Financial Literacy 2007 - Retirement
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retirement
Basic elements of IRAs and workplace plans

Plans for Individuals

SEP IRA
How they work: You invest after-tax money into a Roth but earnings grow and are taken later tax-free.

Contribution limits: Individuals can save up to $4,000 in 2007. If you're 50 or older, you can stash an additional $1,000.

Income eligibility requirements: Eligibility phases out between $99,000 and $114,000 for single tax payers and between $156,000 and $166,000 for married couples filing taxes jointly.

Warnings: You must wait until you're 59½ to withdraw from a Roth IRA or you'll owe a 10 percent penalty. However, unlike other IRAs, you can leave assets untouched as long as you want, says Ed Slott, a CPA and editor of www.irahelp.com.

Who they're for: Anyone who meets the income requirements to participate. Roth IRAs often are used by individuals who have maxed out their 401(k) plans and need another way to save for retirement.

Deductible IRA
How they work: Contributions are made with after-tax dollars, and individuals claim a tax deduction for their contributions. Earnings grow tax-deferred and are subject to income taxes when they're withdrawn.

Contribution limits: Individuals can save up to $4,000 in 2007. Those who are 50 or older by the end of the year can put away an additional $1,000.

Income eligibility requirements: There's no income limits to participation unless you're enrolled in a company retirement plan. If you are covered by a company plan, eligibility for full contributions phase out for single tax payers with an adjusted gross income between $52,000 and $62,000.

For married couples filing a joint tax return (and who are both covered by a company plan), the phase-out is between $83,000 and $103,000. The phase-out requirement for a non-working spouse who files a joint return with a working spouse covered by a company plan is $156,000 to $166,000.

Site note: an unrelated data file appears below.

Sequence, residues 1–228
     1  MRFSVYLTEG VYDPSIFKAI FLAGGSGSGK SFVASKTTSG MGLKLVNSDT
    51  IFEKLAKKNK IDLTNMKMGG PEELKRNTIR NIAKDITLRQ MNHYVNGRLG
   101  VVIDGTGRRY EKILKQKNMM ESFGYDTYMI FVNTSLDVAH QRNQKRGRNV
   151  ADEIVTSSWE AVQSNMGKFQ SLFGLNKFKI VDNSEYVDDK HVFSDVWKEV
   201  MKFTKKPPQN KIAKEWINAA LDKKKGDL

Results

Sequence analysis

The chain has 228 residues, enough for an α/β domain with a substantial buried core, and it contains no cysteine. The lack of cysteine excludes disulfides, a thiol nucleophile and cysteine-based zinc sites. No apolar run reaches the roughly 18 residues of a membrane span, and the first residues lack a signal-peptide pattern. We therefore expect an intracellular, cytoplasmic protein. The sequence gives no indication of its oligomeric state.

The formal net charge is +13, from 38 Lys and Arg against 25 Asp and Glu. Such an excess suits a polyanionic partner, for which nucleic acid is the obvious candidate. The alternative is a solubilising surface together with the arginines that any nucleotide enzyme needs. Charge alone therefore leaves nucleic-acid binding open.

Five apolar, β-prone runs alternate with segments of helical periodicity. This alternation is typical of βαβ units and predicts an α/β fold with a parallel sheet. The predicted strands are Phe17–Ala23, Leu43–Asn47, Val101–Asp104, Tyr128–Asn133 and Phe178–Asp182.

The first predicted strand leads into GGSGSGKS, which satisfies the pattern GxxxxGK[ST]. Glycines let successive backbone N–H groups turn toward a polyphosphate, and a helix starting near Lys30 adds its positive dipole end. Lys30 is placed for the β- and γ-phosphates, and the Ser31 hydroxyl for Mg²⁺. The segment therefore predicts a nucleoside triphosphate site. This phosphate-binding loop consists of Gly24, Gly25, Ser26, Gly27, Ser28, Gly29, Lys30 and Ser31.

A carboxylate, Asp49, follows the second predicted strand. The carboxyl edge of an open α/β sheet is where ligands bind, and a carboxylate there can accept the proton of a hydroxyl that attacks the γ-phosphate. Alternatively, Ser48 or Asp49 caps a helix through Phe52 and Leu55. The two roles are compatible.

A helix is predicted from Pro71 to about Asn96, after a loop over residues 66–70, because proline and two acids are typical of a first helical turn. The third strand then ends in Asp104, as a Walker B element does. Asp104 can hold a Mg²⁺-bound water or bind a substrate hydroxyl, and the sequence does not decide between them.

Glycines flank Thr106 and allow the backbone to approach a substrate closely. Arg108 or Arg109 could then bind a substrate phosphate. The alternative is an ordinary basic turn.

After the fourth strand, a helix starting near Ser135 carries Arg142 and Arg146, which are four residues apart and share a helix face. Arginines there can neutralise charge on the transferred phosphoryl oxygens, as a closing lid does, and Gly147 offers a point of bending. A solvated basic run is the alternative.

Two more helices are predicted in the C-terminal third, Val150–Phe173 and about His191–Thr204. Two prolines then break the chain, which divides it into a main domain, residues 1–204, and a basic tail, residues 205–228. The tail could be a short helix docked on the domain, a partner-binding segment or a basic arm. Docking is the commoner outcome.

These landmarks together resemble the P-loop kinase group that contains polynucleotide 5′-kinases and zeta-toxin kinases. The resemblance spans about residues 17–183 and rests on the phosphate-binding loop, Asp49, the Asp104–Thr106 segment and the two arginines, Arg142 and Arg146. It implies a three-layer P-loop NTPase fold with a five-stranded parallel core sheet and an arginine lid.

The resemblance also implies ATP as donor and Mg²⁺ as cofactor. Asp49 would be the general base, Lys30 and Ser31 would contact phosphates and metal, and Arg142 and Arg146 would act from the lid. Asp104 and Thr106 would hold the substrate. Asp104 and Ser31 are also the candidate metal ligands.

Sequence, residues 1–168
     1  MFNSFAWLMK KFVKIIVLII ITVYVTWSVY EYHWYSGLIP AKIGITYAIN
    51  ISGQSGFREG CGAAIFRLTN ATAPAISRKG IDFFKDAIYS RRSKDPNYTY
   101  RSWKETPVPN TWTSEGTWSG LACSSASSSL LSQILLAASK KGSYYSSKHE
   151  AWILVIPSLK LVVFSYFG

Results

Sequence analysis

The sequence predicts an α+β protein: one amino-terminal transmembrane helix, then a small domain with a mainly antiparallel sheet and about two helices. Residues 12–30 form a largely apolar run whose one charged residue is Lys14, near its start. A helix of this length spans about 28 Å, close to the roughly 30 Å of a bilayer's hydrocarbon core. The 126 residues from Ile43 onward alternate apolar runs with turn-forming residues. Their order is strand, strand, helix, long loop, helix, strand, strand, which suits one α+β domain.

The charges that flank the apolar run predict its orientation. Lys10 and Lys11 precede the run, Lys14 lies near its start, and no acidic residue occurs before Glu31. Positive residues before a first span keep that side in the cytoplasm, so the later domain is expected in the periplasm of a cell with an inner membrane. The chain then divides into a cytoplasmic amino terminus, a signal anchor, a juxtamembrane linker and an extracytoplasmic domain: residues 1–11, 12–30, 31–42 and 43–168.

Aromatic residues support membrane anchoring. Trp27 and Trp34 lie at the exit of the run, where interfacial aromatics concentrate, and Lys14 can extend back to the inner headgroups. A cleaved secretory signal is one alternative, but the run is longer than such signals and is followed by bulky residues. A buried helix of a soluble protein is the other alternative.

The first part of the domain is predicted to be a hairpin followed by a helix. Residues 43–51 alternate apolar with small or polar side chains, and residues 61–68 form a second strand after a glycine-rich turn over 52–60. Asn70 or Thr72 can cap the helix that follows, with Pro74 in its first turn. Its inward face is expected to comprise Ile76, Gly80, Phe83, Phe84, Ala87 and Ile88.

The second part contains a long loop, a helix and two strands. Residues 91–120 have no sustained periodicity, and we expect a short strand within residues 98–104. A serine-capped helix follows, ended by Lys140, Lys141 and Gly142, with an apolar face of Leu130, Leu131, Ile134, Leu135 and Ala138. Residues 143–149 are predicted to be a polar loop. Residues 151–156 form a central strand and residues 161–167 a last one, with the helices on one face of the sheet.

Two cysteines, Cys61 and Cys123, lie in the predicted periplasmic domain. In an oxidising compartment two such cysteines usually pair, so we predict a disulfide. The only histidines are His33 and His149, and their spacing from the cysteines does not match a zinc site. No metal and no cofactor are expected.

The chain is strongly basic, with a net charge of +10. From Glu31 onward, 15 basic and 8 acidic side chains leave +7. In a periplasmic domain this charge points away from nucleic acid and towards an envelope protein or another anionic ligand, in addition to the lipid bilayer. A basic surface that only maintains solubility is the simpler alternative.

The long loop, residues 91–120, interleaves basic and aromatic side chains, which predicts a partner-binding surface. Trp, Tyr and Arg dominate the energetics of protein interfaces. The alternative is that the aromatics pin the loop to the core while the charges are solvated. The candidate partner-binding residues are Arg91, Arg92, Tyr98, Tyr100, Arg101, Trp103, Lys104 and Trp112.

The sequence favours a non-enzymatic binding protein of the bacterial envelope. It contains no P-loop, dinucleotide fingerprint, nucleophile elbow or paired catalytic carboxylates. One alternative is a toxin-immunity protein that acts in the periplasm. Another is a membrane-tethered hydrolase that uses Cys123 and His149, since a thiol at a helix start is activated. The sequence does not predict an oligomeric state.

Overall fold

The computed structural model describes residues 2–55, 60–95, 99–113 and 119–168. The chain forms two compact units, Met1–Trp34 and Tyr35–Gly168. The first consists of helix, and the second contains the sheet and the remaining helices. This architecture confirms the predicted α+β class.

Warnings: You will owe a 10 percent penalty if you cash out before age 59½. You also must begin withdrawing money by age 70½.

Who they're for: Anyone looking for tax-friendly opportunities to save but who isn't covered by a company plan or doesn't qualify for a Roth. Individuals who think they'll be in a lower tax bracket in retirement may consider these, too.

Non-deductible IRA
How they work: Contributions are made with after-tax money and earnings grow tax-deferred until they're withdrawn, at which point they're subject to income taxes.

Contribution limits: $4,000 per individual in 2007 with an additional $1,000 "catch up" contribution for those 50 or older.

Income eligibility requirements: None.

For married couples filing a joint tax return (and who are both covered by a company plan), the phase-out is between $83,000 and $103,000. The phase-out requirement for a non-working spouse who files a joint return with a working spouse covered by a company plan is $156,000 to $166,000.

Warnings: You'll owe a 10 percent penalty if you withdraw money before age 59½. You also must begin withdrawing money by age 70½.

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Who they're for: Anyone, but those who make too much to use a Roth IRA or deductible IRA should consider them.

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